Results Summary and Professional Abstract
Peer review of PCORI-funded research helps make sure the report presents complete, balanced, and useful information about the research. It also assesses how the project addressed PCORI’s Methodology Standards. During peer review, experts read a draft report of the research and provide comments about the report. These experts may include a scientist focused on the research topic, a specialist in research methods, a patient or caregiver, and a healthcare professional. These reviewers cannot have conflicts of interest with the study.
The peer reviewers point out where the draft report may need revision. For example, they may suggest ways to improve descriptions of the conduct of the study or to clarify the connection between results and conclusions. Sometimes, awardees revise their draft reports twice or more to address all of the reviewers’ comments.
Peer reviewers commented, and the researchers made changes or provided responses. The comments and responses included the following:
- The reviewers expressed concern that the study did not adjust for baseline differences between the Complete CHOICE and Enhanced Care groups, which could have contributed to the results for the unintended pregnancy outcome. The researchers explained that they performed several analyses to assess the relationship between baseline variables and the outcome, and that their multivariable model adjusted for confounders. The researchers added a description of the statistical methods that they used and the results from these analyses to the report.
- Reviewers asked whether the research team collecting outcome measures were masked to study condition and if not, why not. The researchers explained that masking was not possible because recruitment to the different conditions occurred at different times. They added the lack of masking of study condition to their limitations section.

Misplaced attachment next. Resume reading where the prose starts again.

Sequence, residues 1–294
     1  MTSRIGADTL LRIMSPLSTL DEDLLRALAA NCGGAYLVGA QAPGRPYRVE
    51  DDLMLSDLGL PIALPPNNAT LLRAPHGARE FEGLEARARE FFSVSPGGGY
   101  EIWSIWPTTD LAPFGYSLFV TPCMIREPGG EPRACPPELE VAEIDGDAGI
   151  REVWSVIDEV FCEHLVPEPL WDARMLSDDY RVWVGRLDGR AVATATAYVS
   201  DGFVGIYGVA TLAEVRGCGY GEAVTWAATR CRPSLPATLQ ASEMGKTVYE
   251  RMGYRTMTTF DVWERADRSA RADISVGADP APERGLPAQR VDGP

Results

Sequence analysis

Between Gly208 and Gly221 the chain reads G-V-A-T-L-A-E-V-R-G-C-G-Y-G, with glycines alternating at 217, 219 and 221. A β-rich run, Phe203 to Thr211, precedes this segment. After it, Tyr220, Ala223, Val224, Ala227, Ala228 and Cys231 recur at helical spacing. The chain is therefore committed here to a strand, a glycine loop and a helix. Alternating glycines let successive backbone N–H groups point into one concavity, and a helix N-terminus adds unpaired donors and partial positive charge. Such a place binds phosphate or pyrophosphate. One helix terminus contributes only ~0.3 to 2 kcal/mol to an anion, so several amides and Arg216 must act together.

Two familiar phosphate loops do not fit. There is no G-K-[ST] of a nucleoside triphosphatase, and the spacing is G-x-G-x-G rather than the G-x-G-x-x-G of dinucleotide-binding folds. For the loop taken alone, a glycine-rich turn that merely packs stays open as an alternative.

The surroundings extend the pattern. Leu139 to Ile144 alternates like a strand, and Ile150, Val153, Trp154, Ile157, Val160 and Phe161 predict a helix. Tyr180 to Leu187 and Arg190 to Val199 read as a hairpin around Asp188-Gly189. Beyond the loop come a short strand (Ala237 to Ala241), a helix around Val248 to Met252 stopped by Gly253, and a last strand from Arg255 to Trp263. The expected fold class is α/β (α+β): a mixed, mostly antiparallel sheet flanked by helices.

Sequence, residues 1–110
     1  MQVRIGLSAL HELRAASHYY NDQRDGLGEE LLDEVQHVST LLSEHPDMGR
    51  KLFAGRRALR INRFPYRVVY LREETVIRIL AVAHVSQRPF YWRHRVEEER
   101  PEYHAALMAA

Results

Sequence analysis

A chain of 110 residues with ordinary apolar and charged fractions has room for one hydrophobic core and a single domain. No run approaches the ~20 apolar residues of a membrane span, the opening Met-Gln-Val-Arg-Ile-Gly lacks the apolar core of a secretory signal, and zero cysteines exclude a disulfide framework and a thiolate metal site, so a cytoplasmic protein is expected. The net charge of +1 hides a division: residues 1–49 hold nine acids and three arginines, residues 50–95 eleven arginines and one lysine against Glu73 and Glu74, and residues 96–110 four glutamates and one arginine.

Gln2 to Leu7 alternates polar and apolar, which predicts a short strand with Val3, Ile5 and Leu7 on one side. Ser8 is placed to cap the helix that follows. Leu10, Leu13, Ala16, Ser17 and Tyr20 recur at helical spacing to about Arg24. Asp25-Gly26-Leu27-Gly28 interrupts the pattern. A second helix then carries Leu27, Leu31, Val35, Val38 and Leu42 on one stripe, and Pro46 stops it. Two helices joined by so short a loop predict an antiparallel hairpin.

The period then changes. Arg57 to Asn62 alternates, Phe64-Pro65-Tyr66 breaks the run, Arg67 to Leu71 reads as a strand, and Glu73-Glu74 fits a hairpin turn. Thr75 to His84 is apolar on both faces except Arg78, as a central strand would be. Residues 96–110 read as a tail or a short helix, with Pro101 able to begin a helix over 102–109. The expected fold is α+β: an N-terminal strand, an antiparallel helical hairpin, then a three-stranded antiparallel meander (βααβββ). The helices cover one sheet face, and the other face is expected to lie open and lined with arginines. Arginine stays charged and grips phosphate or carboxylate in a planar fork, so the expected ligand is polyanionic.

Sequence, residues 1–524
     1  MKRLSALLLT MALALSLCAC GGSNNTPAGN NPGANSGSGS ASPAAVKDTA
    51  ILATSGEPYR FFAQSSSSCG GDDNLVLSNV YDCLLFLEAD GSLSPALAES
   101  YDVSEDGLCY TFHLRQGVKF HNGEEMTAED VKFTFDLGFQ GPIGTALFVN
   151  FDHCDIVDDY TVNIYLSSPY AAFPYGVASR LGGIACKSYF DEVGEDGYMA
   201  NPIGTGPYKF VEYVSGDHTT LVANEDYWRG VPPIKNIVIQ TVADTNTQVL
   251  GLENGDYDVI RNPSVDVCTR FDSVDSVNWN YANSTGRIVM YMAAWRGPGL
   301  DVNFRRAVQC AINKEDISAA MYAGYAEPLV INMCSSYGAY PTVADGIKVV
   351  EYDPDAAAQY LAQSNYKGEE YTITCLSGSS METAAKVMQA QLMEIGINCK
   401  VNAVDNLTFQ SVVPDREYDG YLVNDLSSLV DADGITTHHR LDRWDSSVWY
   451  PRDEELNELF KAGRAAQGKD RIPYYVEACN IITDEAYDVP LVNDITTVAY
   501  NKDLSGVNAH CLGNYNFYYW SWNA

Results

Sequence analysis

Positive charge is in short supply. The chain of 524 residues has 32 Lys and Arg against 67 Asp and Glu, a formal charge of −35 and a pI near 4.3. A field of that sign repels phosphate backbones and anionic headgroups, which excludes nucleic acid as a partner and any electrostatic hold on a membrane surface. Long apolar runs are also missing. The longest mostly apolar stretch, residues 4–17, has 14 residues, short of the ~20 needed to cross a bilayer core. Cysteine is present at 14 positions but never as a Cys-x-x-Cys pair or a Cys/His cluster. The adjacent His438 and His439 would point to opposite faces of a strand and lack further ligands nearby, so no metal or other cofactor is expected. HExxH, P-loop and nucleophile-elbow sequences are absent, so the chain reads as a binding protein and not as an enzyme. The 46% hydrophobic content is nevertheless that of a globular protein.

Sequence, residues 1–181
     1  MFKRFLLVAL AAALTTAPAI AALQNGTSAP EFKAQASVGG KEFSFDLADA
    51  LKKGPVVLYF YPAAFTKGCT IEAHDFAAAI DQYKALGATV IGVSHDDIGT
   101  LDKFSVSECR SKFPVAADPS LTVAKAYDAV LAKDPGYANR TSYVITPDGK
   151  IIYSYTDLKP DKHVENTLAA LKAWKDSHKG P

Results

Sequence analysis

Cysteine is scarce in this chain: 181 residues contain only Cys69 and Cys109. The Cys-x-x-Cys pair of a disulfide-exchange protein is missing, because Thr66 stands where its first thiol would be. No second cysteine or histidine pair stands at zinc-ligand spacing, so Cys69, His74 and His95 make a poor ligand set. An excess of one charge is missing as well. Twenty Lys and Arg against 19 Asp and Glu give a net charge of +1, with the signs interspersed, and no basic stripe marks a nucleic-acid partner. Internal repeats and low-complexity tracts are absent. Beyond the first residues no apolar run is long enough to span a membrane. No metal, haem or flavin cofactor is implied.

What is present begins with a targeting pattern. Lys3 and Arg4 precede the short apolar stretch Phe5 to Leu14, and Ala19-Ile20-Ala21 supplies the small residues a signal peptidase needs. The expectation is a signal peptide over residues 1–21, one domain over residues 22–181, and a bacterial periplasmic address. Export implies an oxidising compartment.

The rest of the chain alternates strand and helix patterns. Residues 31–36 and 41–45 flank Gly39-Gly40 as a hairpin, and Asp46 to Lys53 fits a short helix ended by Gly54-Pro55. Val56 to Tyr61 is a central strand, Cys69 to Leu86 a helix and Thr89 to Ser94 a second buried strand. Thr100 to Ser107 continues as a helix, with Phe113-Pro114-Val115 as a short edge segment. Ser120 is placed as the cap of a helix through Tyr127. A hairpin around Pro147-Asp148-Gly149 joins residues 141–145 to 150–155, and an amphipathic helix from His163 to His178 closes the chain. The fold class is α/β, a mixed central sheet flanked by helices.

- The report indicated that the analyses did not account for missing data, so reviewers asked that the researchers make explicit that almost 10 percent of their participants did not have 12-month outcome data. The researchers explained that they did use multiple imputation to account for missing data for the primary outcome and added a description of the imputation to their methods.
- The reviewers noted that the study design did not take into account the fact that the use of long-acting reversible contraceptives (LARC) has increased over time and that rates of unintended pregnancy have decreased. They also noted that choosing to run the Complete CHOICE phase of the study after the Enhanced Care phase of the study at the same sites gave a major advantage to the Complete CHOICE arm. The researchers disagreed that the observed benefits of the Complete CHOICE program were due primarily to timing since they saw improved LARC use and reduced unintended pregnancy during the Complete CHOICE program implementation period. However, the researchers did acknowledge that other factors may have contributed to the overall results in their conclusions.
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